In order to correctly measure crossfrequency connectivity (CFC), a proper strategy has to be defined for handling such a situation. Our solution consists in identifying the position of the global maximum of the power spectrum function S_{Z}(f), namely f_{M}, and in integrating over an interval centered in that position, i.e. in the [ f_{M}−B,f_{M}+B] range. Therefore, the PLM expression of Eq. (1) is updated to:
For instance, assuming that the maximum is located at 9 Hz and a unilateral integration bandwidth B=1 Hz is employed, the integral at the numerator will be between 10 and 8 Hz. The processing steps required by the proposed PLM_{CFC} algorithm are reported in Fig. 2.
We have to underline that the algorithm requires the identification of the peak position of the function S_{Z}(f), i.e. f_{M}. Such estimation can be easily carried out from the measured signals, nevertheless the knowledge of f_{M} gives us only information about the difference between the frequencies of the two signals involved in the coupling, but the two frequencies are not identified. In other words, the PLM_{CFC} algorithm is able to measure the amount of information exchanged (the connectivity), also in case of crossfrequency coupling, but it is not able to identify the frequency bandwidths involved in such a communication.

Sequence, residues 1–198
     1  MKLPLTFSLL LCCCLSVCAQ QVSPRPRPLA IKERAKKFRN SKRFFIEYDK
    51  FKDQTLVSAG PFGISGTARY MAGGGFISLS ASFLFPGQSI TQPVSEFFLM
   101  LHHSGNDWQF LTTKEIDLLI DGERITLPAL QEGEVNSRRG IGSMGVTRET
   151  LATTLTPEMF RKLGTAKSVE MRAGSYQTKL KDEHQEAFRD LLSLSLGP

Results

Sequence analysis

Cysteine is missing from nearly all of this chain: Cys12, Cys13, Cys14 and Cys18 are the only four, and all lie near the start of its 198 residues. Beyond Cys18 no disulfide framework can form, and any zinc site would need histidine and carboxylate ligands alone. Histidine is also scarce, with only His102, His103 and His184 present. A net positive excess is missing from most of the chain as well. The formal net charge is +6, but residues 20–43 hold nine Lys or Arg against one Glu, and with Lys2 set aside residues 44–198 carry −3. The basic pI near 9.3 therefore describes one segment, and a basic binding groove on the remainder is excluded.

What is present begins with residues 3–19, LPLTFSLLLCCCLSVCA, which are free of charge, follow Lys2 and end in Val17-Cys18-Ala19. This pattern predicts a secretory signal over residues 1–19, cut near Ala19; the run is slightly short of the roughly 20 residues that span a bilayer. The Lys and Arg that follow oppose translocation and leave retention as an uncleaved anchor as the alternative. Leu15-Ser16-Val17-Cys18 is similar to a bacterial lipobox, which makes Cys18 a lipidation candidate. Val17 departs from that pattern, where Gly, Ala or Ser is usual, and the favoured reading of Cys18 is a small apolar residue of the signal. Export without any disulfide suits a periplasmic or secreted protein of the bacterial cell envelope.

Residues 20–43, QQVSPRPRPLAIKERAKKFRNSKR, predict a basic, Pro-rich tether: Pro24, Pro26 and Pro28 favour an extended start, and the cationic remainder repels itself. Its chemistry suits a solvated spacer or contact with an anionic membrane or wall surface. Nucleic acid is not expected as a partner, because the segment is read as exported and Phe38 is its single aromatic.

Experimental results
Two analysis have been conducted for evaluating the performance of the proposed method in measuring crossfrequency connectivity. More in detail, a simulated scenario based on realizations of coupled Gaussian random processes has been set up for simulating crossfrequency connectivity. Moreover, real data have been exploited for the validation of the approach.